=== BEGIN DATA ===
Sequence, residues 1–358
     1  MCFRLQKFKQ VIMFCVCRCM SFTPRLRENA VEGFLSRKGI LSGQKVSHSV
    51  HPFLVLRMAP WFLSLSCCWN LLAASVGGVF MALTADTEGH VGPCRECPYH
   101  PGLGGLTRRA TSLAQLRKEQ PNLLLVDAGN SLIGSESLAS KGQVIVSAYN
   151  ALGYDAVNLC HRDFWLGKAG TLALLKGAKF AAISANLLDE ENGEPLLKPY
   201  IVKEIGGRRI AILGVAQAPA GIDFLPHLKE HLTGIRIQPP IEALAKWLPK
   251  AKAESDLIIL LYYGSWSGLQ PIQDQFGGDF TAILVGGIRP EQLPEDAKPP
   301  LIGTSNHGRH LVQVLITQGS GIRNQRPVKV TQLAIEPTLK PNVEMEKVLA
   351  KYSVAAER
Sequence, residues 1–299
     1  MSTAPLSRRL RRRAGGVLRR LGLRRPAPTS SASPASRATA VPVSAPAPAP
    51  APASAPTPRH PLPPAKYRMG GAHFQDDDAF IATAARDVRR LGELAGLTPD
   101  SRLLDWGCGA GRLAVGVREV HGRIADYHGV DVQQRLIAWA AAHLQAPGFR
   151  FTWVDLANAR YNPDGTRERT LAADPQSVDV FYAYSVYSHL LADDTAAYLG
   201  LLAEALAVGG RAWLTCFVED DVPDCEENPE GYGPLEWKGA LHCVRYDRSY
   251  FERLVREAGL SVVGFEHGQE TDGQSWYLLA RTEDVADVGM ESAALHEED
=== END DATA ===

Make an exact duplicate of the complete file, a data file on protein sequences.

Sequence, residues 1–358
     1  MCFRLQKFKQ VIMFCVCRCM SFTPRLRENA VEGFLSRKGI LSGQKVSHSV
    51  HPFLVLRMAP WFLSLSCCWN LLAASVGGVF MALTADTEGH VGPCRECPYH
   101  PGLGGLTRRA TSLAQLRKEQ PNLLLVDAGN SLIGSESLAS KGQVIVSAYN
   151  ALGYDAVNLC HRDFWLGKAG TLALLKGAKF AAISANLLDE ENGEPLLKPY
   201  IVKEIGGRRI AILGVAQAPA GIDFLPHLKE HLTGIRIQPP IEALAKWLPK
   251  AKAESDLIIL LYYGSWSGLQ PIQDQFGGDF TAILVGGIRP EQLPEDAKPP
   301  LIGTSNHGRH LVQVLITQGS GIRNQRPVKV TQLAIEPTLK PNVEMEKVLA
   351  KYSVAAER
Sequence, residues 1–299
     1  MSTAPLSRRL RRRAGGVLRR LGLRRPAPTS SASPASRATA VPVSAPAPAP
    51  APASAPTPRH PLPPAKYRMG GAHFQDDDAF IATAARDVRR LGELAGLTPD
   101  SRLLDWGCGA GRLAVGVREV HGRIADYHGV DVQQRLIAWA AAHLQAPGFR
   151  FTWVDLANAR YNPDGTRERT LAADPQSVDV FYAYSVYSHL LADDTAAYLG
   201  LLAEALAVGG RAWLTCFVED DVPDCEENPE GYGPLEWKGA LHCVRYDRSY
   251  FERLVREAGL SVVGFEHGQE TDGQSWYLLA RTEDVADVGM ESAALHEED